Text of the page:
Transparent Public Procurements in BiH

From April 2014, BiH has a new Law on public procurements, supplemented and amended in accordance with EU directives, 10 years after the first Law on Public Procurements in BiH was adopted.

Representatives of the Institute took part in a five-day Academy for public procurements, held on Jahorina from December 15-19, 2014, during which they learned about the advantages and disadvantages of the new law regulating this area, critical points at which corruption occurs during the procurement process, mechanisms for preventing corruption in public procurements and public procurement procedures which can differ depending on the needs of the procuring institution, etc. 

Representatives of the nongovernmental sector and the media took part in the Academy because they, as relevant agents, are obligated to monitor the public procurement process, keep the public informed, point to possible corruption thus contributing to its prevention within their own capacity. The trainers were domestic and foreign experts with years of experience in public procurements, and thus familiar with all the steps taken to meet the needs of the public, including the appeals procedure, the right to which is guaranteed to all bidders who believe that their offer was unjustly excluded from further consideration, or who suspect malversations in the public procurement process.  

The competent bodies for the public procurement process in BiH are the Public Procurement Agency whose role is advisory and the Appeals Office. There are 3035 contracting authorities in BiH, on all levels of government. Pursuant to the new Law on public procurements of BiH, two other Appeals Offices will be established in Banja Luka and Mostar, with jurisdiction over appeals regarding public procurements up to 800,000 BAM, on their territory. The Appeals Office in Sarajevo, thus far the only one, retains jurisdiction over public procurements exceeding 800,000 BAM.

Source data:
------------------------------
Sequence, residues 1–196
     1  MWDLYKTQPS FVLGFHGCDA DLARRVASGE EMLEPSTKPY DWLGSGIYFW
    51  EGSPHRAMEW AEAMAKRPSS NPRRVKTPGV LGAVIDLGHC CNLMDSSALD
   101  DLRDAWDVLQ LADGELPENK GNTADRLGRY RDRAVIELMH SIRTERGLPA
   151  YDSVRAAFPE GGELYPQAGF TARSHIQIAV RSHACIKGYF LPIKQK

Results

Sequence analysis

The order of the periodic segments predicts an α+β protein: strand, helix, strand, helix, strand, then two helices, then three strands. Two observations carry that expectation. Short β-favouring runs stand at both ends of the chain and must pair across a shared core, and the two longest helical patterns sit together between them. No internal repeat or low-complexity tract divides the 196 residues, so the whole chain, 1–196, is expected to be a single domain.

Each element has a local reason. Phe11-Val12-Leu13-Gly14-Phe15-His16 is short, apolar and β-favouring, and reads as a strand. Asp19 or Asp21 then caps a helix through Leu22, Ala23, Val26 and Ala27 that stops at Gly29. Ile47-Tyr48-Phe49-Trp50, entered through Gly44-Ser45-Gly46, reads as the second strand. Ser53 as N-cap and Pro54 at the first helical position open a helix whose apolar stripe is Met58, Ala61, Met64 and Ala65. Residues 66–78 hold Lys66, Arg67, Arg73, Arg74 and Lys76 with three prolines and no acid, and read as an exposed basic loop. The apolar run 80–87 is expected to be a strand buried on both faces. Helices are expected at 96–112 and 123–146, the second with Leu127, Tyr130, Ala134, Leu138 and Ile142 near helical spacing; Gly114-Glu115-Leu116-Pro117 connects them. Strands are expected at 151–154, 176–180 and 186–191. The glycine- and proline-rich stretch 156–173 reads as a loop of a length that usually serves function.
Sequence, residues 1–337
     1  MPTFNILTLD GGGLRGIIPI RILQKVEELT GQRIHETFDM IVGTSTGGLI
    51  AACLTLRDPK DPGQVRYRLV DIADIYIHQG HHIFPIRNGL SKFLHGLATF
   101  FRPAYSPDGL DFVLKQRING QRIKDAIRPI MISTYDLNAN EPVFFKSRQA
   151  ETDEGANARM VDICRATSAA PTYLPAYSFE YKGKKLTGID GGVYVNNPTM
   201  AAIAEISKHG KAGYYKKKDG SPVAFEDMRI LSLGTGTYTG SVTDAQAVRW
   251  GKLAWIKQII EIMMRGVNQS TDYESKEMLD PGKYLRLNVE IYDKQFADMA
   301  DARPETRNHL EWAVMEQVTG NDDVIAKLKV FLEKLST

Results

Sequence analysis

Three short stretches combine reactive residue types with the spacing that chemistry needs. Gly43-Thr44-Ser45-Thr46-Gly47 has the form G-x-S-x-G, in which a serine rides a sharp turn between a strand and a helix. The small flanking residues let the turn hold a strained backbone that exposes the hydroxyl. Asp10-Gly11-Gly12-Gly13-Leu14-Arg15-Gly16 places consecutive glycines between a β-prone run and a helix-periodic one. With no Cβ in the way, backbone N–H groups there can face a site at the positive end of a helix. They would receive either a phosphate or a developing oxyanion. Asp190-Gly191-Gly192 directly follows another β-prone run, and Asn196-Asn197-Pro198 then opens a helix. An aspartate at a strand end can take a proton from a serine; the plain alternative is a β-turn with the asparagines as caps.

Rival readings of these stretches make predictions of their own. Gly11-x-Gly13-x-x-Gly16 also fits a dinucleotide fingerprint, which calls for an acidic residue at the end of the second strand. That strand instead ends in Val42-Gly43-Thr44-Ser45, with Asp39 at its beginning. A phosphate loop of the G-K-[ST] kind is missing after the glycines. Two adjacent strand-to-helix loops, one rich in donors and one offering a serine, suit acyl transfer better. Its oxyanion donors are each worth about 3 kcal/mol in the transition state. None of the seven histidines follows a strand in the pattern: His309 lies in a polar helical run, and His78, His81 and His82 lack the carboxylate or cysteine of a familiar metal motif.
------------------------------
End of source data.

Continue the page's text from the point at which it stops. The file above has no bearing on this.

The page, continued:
Experts in issues regarding public procurements believe that the current law is better than the previous one, but that it must be harmonised with the new Directives of the European Union, which were changed this year.

The Academy was organised by the Public Interest Advocacy Center, in partnership with the Center for Investigative Reporting (CIN) and Analitika – Center for Social Research, with the financial support of the EU.

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